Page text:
Yesterday, David talked about the benefits of cons to would-be-published writers. I’ve been to small local cons, big metropolitan cons and writing workshops, and there’s much to be said for each one. I remember when I was first published – I hoped that I’d start being invited to appear at cons and have every dime of my way paid, from air fare and hotel to meals and passes for my husband. Discovering that one doesn’t get all those perks was a bit of a letdown. You’ll usually get one – a free pass for your spouse is the most common perk I’ve been offered. But rarely do the cons have enough working capital to pay the full way for anyone except their guests of honor. Which means that cons can be an expensive proposition. So why do we do them?
Because they’re fun.
Sounds simple, I know. And yes, as adults, we’re supposed to be mature and responsible and we’re certainly not supposed to have any fun if it costs too much or takes up time that could be better spent working. Sometimes a con or a writing workshop is the only chance writers get to hang out with their peers and have a good time with people who think the same way they do. Most people need only look over the edge of their cubicles or wander to another office to find a professional colleague with whom they can commiserate. Writers work alone. We sometimes go out to the grocery store just to remember what other people look like. And if we are employed outside the house, the people we work with don’t usually understand our profession, and don’t know what to ask us anyway. So cons are perfect chances for us to meet up, both professionally and personally. I usually come home with all sorts of story fragments, promotional opportunities, and business cards. Lord help me, the business cards! I collect them from people who’ve agreed to be guests here on MW, or who’ve asked me to submit to an anthology, or want me to join in a blog tour. The connections I make are worth their weight in gold.
The thing is, we’re all doing professional stuff while having fun at it. I was a fan long before I was published, so when I go to cons, I’m trying to blend my pro image and my fan personality. I let my geek girl flag fly, and I’m proud of it. I wear pirate garb, not so much to advertise my book as to enjoy myself, because pirate clothes are cool. I shop in the dealer room and go to other peoples’ panels and drink in the bar and squeal over writers I adore. One anthology invite I received at a party.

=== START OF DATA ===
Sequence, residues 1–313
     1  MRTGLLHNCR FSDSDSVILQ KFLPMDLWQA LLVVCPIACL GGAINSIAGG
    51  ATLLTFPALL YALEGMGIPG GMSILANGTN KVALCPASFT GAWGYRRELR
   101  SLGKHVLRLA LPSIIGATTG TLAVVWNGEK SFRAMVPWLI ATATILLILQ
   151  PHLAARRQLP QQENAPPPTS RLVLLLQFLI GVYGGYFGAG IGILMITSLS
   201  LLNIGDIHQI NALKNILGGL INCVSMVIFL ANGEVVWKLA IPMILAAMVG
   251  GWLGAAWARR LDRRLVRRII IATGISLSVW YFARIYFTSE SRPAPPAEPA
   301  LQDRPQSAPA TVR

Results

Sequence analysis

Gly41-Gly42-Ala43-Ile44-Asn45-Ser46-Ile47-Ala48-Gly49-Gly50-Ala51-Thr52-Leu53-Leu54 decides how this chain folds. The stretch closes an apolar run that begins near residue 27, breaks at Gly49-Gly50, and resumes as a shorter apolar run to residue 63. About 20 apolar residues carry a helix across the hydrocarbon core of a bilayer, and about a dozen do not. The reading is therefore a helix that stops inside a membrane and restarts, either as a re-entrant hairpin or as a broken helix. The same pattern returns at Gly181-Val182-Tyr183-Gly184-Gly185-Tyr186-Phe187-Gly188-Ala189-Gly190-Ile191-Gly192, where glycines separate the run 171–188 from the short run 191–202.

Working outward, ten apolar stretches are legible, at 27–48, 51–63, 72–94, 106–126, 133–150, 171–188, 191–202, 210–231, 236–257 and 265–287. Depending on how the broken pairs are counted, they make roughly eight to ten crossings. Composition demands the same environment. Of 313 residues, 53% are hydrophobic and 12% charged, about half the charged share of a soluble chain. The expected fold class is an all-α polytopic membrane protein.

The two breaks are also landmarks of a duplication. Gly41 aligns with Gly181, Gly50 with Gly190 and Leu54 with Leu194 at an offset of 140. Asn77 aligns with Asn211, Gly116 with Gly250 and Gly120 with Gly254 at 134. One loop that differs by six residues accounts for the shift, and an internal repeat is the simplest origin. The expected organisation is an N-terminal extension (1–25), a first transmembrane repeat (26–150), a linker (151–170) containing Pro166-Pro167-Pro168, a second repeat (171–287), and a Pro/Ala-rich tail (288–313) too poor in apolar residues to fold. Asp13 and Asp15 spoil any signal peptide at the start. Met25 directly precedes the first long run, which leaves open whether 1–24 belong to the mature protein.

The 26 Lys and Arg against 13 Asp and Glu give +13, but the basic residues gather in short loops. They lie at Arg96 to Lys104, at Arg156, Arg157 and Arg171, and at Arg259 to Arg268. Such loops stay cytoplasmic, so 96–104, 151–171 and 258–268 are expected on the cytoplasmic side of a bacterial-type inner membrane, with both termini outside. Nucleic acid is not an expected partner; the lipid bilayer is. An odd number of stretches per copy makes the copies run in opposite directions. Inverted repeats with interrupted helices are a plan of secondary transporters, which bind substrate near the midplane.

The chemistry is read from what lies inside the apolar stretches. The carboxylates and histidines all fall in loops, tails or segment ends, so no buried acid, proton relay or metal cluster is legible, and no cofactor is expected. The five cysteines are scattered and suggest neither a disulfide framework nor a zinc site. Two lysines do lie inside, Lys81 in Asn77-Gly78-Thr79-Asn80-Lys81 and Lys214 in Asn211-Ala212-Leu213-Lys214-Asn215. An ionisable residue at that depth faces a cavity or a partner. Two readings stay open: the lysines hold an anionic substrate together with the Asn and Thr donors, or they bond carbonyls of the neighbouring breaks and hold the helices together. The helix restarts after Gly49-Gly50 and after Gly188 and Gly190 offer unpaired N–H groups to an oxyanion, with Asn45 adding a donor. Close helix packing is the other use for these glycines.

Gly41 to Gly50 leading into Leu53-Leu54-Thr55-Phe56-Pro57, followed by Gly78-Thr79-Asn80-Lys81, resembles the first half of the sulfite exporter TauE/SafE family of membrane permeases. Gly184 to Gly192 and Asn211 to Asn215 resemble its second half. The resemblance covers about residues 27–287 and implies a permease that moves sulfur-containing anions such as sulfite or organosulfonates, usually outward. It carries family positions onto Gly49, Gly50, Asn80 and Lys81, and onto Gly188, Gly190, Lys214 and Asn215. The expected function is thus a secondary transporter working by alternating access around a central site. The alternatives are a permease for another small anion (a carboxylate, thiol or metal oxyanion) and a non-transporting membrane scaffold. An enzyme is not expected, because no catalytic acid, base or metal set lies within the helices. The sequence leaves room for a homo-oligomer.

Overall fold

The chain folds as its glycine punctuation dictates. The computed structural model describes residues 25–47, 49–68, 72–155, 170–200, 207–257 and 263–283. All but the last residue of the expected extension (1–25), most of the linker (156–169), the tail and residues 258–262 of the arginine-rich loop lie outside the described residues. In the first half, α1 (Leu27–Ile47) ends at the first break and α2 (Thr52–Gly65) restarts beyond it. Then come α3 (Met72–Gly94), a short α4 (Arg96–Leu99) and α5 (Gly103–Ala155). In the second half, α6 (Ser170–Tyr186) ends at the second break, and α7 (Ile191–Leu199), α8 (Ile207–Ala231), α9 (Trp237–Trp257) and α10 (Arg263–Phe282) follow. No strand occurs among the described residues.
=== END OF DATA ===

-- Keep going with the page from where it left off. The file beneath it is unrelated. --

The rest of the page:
DragonCon is coming, and I’m very excited. I’ll pay for my hotel, and for the gas to drive down, and for the food. I’ve spent money on new steampunk garb to wear one day. And I don’t regret a dime of it, because I’m going to meet people I’d have no chance of meeting otherwise, and spend time with dear writer friends I can only ever get to see at events like this.
Speaking of working and having fun at the same time, DragonCon is a big, busy, exciting place, and sometimes finding each other is an adventure. So I’m throwing a Misty Hunt! If you can find me during the Con, you’ll win a free copy of my e-book, “A Road, A Cask and a Little Therapy”. All you have to do is locate me, and take a picture of the QR code I’ll be wearing (if you don’t have a camera on your phone, never fear – you can still win.) Come to my panels, see me at Booths 100-102, or just chase me through the halls. I’ll attempt to post clues if the internet connection permits, telling you what I’m wearing that day or where I happen to be hanging out – if you find me, you win!
I’d love it if folks would boost the signal. I want to be found!